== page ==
Joan Griffiths, a resident of Palo Alto for 63 years, died on May 24 following a stroke. She was 89. She was born on July 21, 1924, in Endicott, New York, to Paul and Emily Shearrer. She grew up in Takoma Park, Maryland, where her father was a pastor at the First Presbyterian Church. She went on to attend Pennsylvania State University, where she met her future husband, Richard Griffiths, and was in the Kappa Alpha Theta sorority. In 1946 she graduated with honors with a home economics degree. About a year afterward, she and Richard married, and they soon moved to San Francisco. They then settled in Palo Alto in 1951, where they raised their two children, Marcia and Peter. In 1955, she began working as a food editor at Sunset Magazine and eventually took a role at the publication’s book company. She wrote stories about cooking on boats and spiced up reader recipes for a monthly feature. With her husband, she was involved in the Palo Alto Yacht Club and with community efforts to preserve Eichler homes. She was also an active member of Avenidas Village, serving on the social committee. She was predeceased by her husband in 2003. She is survived by her daughter, Marcia Griffiths of Bethesda, Maryland; her son, Peter Griffiths, of Palo Alto; her grandson, Daniel Miller, of Brooklyn, New York; and four nephews. A memorial service will be held on July 17 at 2 p.m. at the First Congregational Church of Palo Alto, 1985 Louis Road, Palo Alto. Memorial donations may be made to the Joan Griffiths Memorial Fund, Avenidas Village, 450 Bryant St., Palo Alto, California 94301.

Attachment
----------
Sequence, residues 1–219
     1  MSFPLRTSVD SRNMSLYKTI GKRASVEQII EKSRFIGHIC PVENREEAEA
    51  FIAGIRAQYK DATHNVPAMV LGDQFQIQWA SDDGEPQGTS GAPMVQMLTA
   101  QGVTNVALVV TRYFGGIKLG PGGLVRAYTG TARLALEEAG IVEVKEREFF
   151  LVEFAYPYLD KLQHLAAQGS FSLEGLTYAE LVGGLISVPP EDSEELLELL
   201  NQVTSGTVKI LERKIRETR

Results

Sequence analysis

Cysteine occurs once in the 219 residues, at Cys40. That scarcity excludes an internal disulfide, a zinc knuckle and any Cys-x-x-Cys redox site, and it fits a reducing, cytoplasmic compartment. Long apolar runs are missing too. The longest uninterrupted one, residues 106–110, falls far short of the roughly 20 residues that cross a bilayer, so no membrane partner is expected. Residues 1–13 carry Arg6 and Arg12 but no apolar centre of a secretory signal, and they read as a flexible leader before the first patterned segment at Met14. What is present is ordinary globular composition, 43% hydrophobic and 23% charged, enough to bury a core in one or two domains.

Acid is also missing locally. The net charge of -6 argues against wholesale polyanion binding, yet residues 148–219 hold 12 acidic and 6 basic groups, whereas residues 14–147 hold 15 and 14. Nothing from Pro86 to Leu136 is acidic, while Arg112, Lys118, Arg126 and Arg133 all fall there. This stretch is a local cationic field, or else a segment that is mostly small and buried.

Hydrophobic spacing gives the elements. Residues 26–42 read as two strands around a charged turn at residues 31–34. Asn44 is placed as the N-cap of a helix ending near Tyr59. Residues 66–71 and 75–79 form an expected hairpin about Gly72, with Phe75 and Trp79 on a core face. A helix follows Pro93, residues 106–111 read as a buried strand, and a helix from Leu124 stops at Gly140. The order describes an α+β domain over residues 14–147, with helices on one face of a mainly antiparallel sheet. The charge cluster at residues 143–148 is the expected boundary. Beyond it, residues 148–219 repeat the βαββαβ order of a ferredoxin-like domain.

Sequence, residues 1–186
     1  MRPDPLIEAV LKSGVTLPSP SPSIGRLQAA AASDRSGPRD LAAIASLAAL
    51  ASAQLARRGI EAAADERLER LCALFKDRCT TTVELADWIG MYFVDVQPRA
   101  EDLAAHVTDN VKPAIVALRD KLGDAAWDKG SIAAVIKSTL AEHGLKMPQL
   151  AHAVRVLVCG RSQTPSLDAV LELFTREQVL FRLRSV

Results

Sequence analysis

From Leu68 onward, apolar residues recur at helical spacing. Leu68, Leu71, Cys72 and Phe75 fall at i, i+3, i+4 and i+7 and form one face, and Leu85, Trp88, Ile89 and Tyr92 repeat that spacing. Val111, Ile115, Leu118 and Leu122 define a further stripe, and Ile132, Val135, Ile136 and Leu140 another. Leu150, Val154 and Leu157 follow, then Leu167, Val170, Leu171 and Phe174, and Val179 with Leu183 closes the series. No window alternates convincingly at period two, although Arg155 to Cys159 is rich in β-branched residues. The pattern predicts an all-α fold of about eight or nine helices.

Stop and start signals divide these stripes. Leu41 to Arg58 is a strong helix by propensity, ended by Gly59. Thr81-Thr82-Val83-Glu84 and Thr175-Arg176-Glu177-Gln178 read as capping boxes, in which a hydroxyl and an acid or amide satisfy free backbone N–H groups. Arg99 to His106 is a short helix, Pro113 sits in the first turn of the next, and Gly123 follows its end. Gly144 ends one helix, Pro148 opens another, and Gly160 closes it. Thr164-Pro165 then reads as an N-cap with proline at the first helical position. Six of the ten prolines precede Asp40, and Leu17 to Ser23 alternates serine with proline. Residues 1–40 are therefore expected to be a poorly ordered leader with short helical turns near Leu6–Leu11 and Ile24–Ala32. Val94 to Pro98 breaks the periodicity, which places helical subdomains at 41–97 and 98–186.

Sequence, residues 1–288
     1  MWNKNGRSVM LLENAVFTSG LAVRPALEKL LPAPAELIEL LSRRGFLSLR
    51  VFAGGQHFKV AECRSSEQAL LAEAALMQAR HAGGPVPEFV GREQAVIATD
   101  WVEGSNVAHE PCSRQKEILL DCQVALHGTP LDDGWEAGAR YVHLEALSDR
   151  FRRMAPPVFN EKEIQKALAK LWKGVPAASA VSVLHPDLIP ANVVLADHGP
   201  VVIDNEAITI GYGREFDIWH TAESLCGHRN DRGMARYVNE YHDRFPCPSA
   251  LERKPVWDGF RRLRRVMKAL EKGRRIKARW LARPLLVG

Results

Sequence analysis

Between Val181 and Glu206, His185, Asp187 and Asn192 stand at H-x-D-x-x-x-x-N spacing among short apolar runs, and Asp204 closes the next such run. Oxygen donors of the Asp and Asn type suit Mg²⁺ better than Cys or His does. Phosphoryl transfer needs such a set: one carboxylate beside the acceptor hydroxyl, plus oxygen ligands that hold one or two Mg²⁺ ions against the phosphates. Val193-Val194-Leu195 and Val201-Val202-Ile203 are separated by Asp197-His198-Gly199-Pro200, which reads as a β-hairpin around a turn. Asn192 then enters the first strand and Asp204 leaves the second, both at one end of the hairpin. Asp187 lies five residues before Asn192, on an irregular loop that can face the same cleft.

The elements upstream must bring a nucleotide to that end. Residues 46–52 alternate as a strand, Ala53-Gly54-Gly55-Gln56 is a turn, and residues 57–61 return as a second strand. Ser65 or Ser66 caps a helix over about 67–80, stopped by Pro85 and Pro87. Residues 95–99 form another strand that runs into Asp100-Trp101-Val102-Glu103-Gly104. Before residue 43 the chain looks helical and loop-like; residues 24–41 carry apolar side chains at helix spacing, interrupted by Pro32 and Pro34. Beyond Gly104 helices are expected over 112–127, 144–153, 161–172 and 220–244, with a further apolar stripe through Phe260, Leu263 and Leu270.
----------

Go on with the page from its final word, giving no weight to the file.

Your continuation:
gree in mechanical engineering. For three years he served in the U.S. Air Force at Big Springs, Texas, leaving as a captain with an honorable discharge and returning to Palo Alto. At a dance on the Peninsula he met his future wife, Gunhild, who is from Norway. They married in February 1964 at Stanford Memorial Church. He worked in the area as an engineer for a few companies, including Beckman Instruments (now Beckman Coulter), Hiller Aircraft and Applied Materials. He and his wife raised a family and lived in Palo Alto for about 45 years before moving back to Redlands to manage the family citrus ranch in 2008. While his kids were growing up, he attended and helped out at their soccer games. He also enjoyed golfing, skiing cross-country and downhill, and particularly fishing. He is survived by his wife, Gunhild Patterson; three children, Aurie Patterson, Erland Patterson and William Patterson, and four grandchildren — all of California. A memorial service was held on June 9 at Cortner Chapel in Redlands.

Mary Madison Mary Massey Madison, a veteran reporter and lifelong resident of the Peninsula, died of heart failure on May 1 at Stanford Hospital. She was 82. She was born on June 2, 1931, at the then Palo Alto Hospital (later Hoover Pavilion at Stanford). She was raised in Burlingame and at-

Juanita (Joyce) Collier Scholpp October 21, 1935 – June 12, 2014

tended Stanford University, earning a bachelor’s degree in journalism. While at Stanford she served as an editor at the Stanford Daily newspaper with her future husband, James Madison. They married soon after graduating in 1953 and were married for 60 years. They moved to Menlo Park in September 1956, and she lived there for the rest of her life. Her time as a journalist, which lasted 40 years, included reporting roles at the Palo Alto Times, the Redwood City Tribune and the Peninsula Times Tribune, as well as work as a correspondent for the San Francisco Examiner, United Press International and the San Francisco Chronicle. She also served as an adjunct instructor of journalism at Stanford. She retired in 1997. Her reporting work garnered her a few awards, including a Pulitzer Prize honorable mention and a first place award from the California Newspaper Publishers Association for her coverage of an apartment fire in Redwood City. She is survived by her husband, James Madison of Menlo Park; her son, Michael Madison of Pittsburgh, Pennsylvania; Matthew Madison of Denver, Colorado; and Molly Caouette of Sacramento; and three grandchildren, Kate, Dave and Carly. A memorial service will be held on July 22 at 2:00 p.m., at St. Bede’s Episcopal Church, 2650 Sand Hill Road, Menlo Park. A reception will follow.